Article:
Why Do They Act That Way?
Shares advice for parents on how to help children bolster their brain power while improving focus and attention, covering practical topics ranging from exercise and nutrition to sleep and play.
Simon and Schuster
The tenth anniversary edition of this national bestseller goes beyond raging hormones and peer pressure to explain why adolescents act the way they do and what parents and teachers can do about it—and it’s now thoroughly revised and updated to address the issues facing kids today: social media, online bullying, prescription drug abuse, stress, and nutrition.
Why Do They Act That Way? was the first book to explain the scientific, brain-based reasons behind teens’ impulsive behavior, lack of focus, self-consciousness, territoriality, fatigue, and their quickness to anger and take risks—to name just a few common teen problems. All these behaviors are linked to physical changes and growth in the adolescent brain. Ten years ago, there was no Facebook, Instagram, or Snapchat. Now every kid has a smartphone and a Twitter account. Award-winning psychologist Dr. David Walsh has now updated his 2004 classic with the most current research into the adolescent brain, and he’s also updated his guidance for parents and teens on navigating the new challenges of the 24/7 online world.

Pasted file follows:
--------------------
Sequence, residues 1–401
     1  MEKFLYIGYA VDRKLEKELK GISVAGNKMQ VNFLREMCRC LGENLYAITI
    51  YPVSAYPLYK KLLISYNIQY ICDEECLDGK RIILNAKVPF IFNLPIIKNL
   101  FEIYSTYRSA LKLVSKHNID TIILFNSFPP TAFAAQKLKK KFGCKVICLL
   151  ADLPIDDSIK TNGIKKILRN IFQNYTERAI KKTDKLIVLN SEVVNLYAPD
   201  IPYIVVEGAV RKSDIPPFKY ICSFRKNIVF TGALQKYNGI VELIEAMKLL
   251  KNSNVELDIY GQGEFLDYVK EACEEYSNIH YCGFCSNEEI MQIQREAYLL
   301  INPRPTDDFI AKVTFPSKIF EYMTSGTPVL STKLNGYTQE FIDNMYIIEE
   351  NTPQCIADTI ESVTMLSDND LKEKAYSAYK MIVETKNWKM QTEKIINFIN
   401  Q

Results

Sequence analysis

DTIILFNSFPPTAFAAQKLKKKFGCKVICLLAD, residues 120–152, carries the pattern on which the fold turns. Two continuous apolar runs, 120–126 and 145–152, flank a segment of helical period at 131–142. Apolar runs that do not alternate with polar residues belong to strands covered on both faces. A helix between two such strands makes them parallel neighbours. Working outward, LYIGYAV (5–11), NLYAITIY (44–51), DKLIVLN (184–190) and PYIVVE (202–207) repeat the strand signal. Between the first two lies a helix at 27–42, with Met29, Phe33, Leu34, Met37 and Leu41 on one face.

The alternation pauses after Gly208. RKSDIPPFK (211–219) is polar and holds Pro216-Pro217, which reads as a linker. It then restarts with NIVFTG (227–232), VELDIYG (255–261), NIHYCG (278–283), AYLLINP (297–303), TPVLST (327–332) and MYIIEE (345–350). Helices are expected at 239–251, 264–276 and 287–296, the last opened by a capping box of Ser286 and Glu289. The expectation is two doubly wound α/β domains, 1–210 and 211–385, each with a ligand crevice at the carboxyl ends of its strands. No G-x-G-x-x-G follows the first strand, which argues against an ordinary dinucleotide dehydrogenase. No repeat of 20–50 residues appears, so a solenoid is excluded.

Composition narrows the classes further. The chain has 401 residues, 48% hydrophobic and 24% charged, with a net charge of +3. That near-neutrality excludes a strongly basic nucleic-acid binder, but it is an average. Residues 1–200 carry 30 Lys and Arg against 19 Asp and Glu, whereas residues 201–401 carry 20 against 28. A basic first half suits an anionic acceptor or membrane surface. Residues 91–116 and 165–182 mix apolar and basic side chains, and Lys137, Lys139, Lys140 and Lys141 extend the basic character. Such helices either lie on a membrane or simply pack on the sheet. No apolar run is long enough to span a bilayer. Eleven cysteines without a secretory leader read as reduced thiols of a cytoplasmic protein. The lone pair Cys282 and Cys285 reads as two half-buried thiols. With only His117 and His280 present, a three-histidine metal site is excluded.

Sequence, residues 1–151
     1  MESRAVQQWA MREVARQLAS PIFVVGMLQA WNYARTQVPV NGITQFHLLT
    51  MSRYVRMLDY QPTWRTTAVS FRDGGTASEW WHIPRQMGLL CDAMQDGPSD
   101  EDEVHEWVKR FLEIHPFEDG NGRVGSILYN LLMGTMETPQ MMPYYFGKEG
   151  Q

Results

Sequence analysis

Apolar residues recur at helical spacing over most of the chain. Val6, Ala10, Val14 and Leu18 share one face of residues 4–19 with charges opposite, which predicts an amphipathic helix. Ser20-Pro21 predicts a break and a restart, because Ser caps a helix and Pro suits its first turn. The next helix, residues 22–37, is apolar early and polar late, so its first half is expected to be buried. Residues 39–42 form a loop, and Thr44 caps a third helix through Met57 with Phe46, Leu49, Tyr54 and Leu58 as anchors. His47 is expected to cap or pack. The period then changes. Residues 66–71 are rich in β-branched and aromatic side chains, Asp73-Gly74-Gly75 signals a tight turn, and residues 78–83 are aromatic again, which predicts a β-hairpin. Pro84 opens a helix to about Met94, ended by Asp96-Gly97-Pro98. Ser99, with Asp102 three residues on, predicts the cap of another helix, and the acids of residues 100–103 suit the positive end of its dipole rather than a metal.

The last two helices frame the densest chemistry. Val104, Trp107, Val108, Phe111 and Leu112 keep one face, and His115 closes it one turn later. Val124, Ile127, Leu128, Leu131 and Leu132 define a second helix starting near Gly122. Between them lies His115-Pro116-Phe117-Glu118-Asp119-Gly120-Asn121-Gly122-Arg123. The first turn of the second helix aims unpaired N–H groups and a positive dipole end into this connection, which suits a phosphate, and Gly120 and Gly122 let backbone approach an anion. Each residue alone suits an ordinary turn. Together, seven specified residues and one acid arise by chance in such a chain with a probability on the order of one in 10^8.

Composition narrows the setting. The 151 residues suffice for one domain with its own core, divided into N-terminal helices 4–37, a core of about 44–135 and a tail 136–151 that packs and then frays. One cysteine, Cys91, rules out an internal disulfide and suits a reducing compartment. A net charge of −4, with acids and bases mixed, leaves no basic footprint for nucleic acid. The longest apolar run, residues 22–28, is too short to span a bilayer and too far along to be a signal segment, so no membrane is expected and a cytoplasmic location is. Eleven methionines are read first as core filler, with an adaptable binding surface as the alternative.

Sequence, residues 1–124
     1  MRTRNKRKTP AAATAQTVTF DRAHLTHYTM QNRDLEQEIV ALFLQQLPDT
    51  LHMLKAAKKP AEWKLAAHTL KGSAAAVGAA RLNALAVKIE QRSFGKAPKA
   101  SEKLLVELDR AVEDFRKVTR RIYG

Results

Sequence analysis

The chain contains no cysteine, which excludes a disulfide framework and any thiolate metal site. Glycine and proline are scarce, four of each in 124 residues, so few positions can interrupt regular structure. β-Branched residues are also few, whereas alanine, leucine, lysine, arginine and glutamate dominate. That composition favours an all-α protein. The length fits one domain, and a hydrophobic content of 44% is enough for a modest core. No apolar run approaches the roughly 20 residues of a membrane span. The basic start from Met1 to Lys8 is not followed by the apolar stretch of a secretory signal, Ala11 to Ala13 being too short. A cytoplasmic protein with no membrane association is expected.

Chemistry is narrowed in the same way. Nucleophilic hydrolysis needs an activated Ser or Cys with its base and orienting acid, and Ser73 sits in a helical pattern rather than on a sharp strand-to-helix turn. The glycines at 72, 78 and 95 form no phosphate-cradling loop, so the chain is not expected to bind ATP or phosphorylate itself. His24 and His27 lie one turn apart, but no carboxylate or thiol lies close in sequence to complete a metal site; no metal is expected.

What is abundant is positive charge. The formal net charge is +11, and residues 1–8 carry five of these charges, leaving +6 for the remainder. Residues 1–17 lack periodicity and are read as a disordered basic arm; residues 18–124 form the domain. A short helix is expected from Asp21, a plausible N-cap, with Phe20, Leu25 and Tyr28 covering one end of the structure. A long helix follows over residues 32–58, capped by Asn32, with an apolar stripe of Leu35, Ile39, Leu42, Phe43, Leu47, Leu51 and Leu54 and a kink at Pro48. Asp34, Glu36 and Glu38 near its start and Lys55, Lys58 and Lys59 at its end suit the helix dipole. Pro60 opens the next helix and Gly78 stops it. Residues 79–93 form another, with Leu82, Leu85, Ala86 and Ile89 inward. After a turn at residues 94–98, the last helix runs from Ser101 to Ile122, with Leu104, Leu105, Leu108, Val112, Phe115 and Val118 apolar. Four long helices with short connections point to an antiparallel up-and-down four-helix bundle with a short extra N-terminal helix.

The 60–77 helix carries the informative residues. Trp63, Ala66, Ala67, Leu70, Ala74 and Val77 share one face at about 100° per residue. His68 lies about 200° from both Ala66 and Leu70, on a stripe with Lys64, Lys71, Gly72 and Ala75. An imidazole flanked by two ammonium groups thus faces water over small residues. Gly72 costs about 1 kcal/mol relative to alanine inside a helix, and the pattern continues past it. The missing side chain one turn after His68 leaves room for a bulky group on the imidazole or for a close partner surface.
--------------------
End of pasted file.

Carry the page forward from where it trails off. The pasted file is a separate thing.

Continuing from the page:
With real-life stories and reassuring guidance, Walsh provides realistic solutions for dealing with everyday and major challenges. Sample dialogues help teens and parents talk civilly and constructively with one another; behavioral contracts and Parental Survival Kits provide practical advice for dealing with issues like curfews, disrespectful language and actions, and bullying. As a parent, psychologist, coach, and trusted expert, Dr. Walsh offers the best advice to help adolescents thrive and parents survive.
a survival guide to the adolescent brain, for you and your teen
Making sense of adolescence
A guided tour of their brain
Why adolescents are impulsive
Risky business : helping teens put on the brakes
What we have here is a failure to communicate
Stress and the teen brain
Understanding male and female brains
Love, sex, and the adolescent brain
Monkey wrenches in the brain : alcohol, tobacco, and other drugs
Iteens : media and technology
Food, exercise, and the story behind tired teens
When things go wrong in the brain : adolescent mental illness
Friends, peers, and identity
The importance of connection and guidance
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